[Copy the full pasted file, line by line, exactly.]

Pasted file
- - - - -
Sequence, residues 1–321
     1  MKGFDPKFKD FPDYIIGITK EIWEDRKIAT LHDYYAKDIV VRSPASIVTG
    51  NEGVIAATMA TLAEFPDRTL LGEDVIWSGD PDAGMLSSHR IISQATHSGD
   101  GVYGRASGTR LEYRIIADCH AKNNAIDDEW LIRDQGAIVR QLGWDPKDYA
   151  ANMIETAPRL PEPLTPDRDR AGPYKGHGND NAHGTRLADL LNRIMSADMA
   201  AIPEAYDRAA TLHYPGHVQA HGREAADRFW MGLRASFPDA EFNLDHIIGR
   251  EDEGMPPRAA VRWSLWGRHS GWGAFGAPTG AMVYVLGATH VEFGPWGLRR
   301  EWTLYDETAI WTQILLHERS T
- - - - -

Sequence, residues 1–321
     1  MKGFDPKFKD FPDYIIGITK EIWEDRKIAT LHDYYAKDIV VRSPASIVTG
    51  NEGVIAATMA TLAEFPDRTL LGEDVIWSGD PDAGMLSSHR IISQATHSGD
   101  GVYGRASGTR LEYRIIADCH AKNNAIDDEW LIRDQGAIVR QLGWDPKDYA
   151  ANMIETAPRL PEPLTPDRDR AGPYKGHGND NAHGTRLADL LNRIMSADMA
   201  AIPEAYDRAA TLHYPGHVQA HGREAADRFW MGLRASFPDA EFNLDHIIGR
   251  EDEGMPPRAA VRWSLWGRHS GWGAFGAPTG AMVYVLGATH VEFGPWGLRR
   301  EWTLYDETAI WTQILLHERS T